Legislation introduced yesterday will enable Americans to better plan for retirement and enhance retirement security by providing information needed to make informed decisions regarding Social Security benefits.
U.S. Sens. Bill Cassidy of Louisiana, Tim Kaine of Virginia, Susan Collins of Maine and Chris Coons of Delaware introduced the legislation. When to claim Social Security retirement benefits is one of the key financial decisions facing older Americans. Benefits are available to American at age 62, but claiming benefits later yields a higher monthly payment. Maximum benefits are available at age 70 and older.
“Americans have earned their Social Security and should have the best financial information available when they retire,” Cassidy said. “Our bill ensures Americans planning for retirement get the most out of their benefit.”
The legislation would also enable Americans to better plan for retirement by requiring the Social Security Administration to mail social security statements detailing how much an individual has paid into the system. SSA would mail individuals between the ages of 25 and 54 every five years, ages 55 to 59 every two years and ages 60 and older every year.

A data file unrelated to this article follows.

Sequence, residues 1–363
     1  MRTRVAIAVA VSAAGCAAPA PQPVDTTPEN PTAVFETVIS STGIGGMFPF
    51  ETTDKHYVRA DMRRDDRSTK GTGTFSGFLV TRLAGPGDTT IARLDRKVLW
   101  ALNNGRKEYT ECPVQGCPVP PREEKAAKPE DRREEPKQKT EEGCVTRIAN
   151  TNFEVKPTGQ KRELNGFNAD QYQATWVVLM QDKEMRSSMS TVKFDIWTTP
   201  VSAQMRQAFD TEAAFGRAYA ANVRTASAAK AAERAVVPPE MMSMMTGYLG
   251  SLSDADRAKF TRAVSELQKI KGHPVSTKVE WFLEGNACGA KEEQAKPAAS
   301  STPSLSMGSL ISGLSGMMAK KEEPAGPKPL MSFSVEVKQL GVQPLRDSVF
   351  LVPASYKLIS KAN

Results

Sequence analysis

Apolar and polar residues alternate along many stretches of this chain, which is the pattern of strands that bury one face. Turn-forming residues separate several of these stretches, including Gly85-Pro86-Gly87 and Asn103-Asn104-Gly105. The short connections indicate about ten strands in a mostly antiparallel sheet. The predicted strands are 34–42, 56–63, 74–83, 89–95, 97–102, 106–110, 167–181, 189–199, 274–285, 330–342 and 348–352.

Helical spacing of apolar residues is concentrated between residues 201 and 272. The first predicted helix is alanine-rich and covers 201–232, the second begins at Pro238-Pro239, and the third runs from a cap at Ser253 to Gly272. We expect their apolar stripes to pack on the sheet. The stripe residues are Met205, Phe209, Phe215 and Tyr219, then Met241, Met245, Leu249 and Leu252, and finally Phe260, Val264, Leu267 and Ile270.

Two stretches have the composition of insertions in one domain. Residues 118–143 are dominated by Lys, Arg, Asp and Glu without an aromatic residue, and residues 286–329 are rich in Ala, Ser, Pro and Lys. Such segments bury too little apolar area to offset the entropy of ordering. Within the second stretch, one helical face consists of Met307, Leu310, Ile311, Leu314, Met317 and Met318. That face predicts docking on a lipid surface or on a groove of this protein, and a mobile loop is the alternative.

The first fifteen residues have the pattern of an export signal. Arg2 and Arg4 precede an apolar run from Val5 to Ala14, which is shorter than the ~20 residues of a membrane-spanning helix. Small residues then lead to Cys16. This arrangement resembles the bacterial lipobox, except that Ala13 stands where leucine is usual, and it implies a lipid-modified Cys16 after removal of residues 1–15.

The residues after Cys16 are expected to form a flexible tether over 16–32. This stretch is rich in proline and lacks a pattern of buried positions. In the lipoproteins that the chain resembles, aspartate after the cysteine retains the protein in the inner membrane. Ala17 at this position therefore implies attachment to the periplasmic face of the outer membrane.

“The retirement timeline that’s right for one Virginian could look very different from the perfect plan for another,” Kaine said. “That’s why it couldn’t be more important that the information families need to make the decisions that are best for them is accessible and clear. This bipartisan bill would help us make strides in increasing access to that critical information, and I will continue to push the Social Security Administration to find other ways to make it easier for Americans to make informed decisions about their financial futures.”
Cassidy, Kaine, Collins, and Coons also sent a letter to the SSA encouraging the development of an action plan to help individuals make more informed claiming decisions.
“[W]e believe SSA should take more proactive measures to provide Americans with the tools and resources to determine how best to set themselves and their families up for financial security in retirement,” the senators wrote.